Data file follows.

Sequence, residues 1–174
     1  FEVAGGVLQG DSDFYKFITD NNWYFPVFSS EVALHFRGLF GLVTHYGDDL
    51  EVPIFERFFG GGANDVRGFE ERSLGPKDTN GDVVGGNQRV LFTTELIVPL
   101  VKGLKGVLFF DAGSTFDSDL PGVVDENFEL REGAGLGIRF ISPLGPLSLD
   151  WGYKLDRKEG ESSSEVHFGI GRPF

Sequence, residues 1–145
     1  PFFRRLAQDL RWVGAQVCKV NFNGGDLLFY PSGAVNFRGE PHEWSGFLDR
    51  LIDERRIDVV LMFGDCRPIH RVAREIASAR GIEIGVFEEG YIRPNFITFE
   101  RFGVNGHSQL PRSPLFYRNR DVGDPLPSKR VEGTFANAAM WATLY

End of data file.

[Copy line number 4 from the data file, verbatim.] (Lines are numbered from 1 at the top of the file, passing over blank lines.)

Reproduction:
   101  VKGLKGVLFF DAGSTFDSDL PGVVDENFEL REGAGLGIRF ISPLGPLSLD